‘Cast Out’ went through quite a few drafts before it reached this stage. In each draft, I saw it evolve, grow out of my control, spread out, retract, cave in, assert itself. I didn’t know where I would send it or how it would be received. I just knew that this story needed to be told. I’m so glad it has found a warm home for itself.

Rumjhum’s story in the anthology is called The Vanishing Man and is about a clerk in an office who has retired and how he perceives the world as seeing him. The story emerges wonderfully through the everyday activity of the protagonist.
R B:
I wrote The Vanishing Man sometime in 2003-2004. The story was first published in The Paumanok Review in 2004 (I think), before the magazine went on hiatus. I believe it re-opened recently, and my story is still archived there.

‘Outcast’ – the theme, concept, its many manifestations, effects and influences – is close to my heart. The Vanishing Man is not the only story around this theme that I’ve written. There have been other stories as well as poems; I seem to be working on something or the other around this theme, every now and then. My novel, which will be published sometime in 2013 by Lifi Publications, also has characters that are outcasts. From an early age I have been able to identify with those that fall under the category of ‘other’ and/or are outcasts. It may have something to do with certain life circumstances, however small. It certainly has to do with me as a person. I remember as a small child, looking at lepers and (mentally) transmigrating into their bodies; for an hour or so I was in my inner world as a leper tackling life. And that was not the only time, and not only with lepers either. This identification with the other naturally seeps into my creative writing.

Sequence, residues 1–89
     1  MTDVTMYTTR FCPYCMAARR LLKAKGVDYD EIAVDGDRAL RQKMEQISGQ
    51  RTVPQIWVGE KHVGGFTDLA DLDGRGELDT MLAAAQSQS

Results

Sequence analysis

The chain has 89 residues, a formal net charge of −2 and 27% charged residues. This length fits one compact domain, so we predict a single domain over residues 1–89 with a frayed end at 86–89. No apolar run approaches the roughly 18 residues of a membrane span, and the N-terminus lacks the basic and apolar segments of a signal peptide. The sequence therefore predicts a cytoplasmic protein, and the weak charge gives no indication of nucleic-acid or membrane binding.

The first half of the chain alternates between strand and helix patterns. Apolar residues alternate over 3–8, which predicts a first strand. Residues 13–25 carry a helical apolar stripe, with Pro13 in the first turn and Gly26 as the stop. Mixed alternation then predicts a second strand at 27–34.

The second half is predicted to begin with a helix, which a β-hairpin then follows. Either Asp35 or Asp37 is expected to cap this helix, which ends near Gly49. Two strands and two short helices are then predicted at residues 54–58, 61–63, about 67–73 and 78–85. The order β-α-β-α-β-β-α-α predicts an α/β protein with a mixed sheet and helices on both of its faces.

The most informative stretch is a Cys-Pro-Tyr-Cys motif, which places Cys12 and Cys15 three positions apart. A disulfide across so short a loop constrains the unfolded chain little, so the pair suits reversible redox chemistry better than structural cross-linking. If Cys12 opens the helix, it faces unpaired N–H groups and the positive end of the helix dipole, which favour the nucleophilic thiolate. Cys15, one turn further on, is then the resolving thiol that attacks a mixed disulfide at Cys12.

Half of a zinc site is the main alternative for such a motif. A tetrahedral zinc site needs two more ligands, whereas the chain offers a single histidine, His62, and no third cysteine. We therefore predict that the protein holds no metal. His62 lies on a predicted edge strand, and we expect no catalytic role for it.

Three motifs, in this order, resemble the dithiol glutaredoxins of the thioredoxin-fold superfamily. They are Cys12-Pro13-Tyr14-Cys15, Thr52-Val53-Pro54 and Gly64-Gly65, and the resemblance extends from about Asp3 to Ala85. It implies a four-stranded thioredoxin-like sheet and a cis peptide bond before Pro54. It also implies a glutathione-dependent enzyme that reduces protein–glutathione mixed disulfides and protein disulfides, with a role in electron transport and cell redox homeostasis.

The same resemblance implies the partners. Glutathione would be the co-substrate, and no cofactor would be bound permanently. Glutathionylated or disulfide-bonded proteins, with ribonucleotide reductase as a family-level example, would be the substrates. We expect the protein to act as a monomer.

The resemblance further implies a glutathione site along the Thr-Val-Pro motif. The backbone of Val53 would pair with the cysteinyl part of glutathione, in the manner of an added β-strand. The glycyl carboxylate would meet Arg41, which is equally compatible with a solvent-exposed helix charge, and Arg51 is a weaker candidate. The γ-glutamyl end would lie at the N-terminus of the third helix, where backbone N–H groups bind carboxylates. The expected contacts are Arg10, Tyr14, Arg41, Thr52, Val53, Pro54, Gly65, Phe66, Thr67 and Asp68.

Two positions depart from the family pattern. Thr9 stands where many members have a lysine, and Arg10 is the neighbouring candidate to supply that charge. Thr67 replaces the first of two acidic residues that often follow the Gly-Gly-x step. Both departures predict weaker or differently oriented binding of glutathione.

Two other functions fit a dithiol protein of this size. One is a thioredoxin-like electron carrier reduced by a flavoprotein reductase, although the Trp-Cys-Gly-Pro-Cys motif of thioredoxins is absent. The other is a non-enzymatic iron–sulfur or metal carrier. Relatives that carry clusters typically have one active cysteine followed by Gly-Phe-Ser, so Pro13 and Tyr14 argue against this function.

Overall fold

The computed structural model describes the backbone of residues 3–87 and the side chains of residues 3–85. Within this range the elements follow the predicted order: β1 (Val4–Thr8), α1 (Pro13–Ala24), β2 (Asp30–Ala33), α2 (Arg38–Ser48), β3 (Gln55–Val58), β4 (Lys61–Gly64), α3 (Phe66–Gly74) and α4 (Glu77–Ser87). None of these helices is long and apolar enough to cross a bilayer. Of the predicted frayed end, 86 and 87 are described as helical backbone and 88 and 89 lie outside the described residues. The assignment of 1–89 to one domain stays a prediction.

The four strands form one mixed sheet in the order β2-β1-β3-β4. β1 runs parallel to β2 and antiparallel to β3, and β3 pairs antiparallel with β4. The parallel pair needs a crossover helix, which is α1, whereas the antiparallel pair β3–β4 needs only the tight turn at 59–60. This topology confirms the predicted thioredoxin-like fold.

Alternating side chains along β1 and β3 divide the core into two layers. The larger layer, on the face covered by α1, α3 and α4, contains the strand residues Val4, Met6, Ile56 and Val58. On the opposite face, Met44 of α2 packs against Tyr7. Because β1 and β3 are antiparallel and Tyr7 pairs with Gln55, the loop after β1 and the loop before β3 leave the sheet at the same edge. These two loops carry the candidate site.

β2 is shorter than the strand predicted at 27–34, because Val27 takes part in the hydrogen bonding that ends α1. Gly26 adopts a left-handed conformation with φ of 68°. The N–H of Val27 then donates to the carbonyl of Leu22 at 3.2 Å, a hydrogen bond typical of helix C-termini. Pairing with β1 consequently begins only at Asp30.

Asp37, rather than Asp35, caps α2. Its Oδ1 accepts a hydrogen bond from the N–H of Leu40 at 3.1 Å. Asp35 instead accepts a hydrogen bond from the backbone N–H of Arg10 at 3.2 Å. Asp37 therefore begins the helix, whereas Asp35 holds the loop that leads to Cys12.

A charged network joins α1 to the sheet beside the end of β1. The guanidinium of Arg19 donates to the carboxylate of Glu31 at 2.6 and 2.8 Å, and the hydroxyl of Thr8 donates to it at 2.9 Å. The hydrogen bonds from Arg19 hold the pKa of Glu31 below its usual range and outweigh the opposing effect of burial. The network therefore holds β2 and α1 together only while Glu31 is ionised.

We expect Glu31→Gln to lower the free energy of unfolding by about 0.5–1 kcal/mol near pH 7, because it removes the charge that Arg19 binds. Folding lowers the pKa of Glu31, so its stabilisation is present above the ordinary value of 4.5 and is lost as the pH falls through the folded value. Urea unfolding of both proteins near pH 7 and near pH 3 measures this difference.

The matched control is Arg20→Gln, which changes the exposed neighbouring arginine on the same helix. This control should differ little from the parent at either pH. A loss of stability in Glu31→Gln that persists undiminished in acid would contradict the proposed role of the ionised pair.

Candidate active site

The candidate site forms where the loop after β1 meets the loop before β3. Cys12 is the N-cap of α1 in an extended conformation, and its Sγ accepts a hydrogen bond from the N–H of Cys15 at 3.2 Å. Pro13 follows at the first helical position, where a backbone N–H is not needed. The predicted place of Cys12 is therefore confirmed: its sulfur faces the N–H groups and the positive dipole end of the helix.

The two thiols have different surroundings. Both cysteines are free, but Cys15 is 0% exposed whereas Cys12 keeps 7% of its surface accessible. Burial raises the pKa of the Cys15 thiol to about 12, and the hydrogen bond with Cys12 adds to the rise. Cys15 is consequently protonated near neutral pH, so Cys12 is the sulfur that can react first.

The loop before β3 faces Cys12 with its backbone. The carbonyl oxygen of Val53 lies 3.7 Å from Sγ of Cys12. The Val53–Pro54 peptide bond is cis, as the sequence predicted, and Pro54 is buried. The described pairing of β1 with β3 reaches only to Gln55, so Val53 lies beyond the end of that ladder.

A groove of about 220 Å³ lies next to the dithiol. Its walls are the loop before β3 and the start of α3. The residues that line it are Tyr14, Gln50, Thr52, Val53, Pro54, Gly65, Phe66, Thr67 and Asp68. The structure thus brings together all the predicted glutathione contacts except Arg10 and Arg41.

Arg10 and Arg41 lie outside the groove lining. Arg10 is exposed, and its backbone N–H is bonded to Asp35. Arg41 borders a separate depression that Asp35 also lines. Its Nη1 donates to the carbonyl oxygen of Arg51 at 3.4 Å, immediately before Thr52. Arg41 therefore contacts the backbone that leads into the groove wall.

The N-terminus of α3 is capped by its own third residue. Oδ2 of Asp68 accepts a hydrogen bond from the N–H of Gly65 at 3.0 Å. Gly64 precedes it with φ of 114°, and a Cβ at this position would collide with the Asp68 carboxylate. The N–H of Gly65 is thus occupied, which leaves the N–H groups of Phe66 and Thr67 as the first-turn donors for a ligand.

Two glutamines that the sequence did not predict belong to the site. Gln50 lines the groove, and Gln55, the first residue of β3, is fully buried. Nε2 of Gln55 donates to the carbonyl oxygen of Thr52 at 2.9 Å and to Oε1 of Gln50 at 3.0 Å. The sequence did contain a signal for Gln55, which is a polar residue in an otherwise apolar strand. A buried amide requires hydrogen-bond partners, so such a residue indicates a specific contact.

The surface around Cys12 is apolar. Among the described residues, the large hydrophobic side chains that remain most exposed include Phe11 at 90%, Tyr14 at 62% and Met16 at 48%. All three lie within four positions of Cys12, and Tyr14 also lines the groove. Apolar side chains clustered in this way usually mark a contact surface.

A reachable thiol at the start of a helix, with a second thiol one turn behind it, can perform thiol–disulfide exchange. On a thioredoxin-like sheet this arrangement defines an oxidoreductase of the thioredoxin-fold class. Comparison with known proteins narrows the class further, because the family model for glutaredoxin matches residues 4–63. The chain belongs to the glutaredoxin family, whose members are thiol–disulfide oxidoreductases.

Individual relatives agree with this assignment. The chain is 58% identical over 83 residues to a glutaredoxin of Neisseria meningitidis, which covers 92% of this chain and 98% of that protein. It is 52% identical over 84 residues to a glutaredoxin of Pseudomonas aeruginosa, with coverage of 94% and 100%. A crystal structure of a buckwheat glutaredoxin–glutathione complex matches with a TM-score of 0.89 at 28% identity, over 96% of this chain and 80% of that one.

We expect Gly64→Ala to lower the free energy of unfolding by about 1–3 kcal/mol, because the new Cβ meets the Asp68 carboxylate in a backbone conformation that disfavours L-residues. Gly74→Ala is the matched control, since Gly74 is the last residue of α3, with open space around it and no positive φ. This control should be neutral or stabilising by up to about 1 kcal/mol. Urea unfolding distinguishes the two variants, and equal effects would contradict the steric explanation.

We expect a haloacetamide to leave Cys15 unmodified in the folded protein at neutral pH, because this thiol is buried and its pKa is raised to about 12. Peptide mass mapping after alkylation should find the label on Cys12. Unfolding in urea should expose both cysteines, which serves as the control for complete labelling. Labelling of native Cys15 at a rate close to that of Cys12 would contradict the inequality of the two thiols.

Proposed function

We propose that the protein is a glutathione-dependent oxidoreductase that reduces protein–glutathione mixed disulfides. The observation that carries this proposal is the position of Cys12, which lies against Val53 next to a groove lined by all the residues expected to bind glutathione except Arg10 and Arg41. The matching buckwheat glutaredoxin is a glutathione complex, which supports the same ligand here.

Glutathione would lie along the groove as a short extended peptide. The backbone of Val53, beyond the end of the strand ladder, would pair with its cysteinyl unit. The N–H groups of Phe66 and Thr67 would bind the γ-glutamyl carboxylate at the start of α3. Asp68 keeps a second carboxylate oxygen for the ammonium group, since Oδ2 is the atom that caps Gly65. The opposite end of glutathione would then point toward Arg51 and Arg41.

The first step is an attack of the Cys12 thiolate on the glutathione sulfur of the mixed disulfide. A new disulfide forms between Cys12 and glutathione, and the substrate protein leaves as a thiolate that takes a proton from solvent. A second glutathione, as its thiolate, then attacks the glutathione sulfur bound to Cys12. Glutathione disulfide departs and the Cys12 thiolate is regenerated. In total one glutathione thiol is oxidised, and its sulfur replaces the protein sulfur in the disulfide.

Regarding the story and its protagonist, I've noticed that sometimes, in our male dominated and male-centric society, it is the man who becomes the victim. It's a curious thing. These men, reared on the belief that man being superior must therefore shoulder all the responsibilities that come with it as husbands, fathers, brothers etc., become helplessly caught in their own notions of duty. And their self esteem and sense of worth are irredeemably tied to it. Men (in our society) go through depression and feel they've lost their masculinity (and I mean masculinity and not merely virility), their idea of themselves as men, once they retire. In our country we have no rehabilitation programme or pre-retirement sessions that can help pre-retirees tackle their superannuated lives better. Family members are not sensitised. Wives and grown-up children in many cases treat such men with derision. Once they've stopped becoming bread winners, they no longer deserve the special treatment meted out to them before, like being served first at the table, their opinions sought etc. Not many men are able to turn philosophical and forgiving at the sudden change in attitude. The man, bewildered and at a loss, has no means of filling up his suddenly empty hours with meaningful activity. I've seen elderly men turn either extremely meek or vicious. The more they lose their physical strength, the more mentally debilitated they seem to become. Sometimes, the man is successfully able to deal with post-retirement issues, mostly due to his own efforts and sometimes thanks to good family support. Our government and society offer little or no help. In my story, my protagonist Satyabrata, comes to terms with his new status, in his own way; at the end when he has nothing, he still has his faculties about him, his mental strength to become free.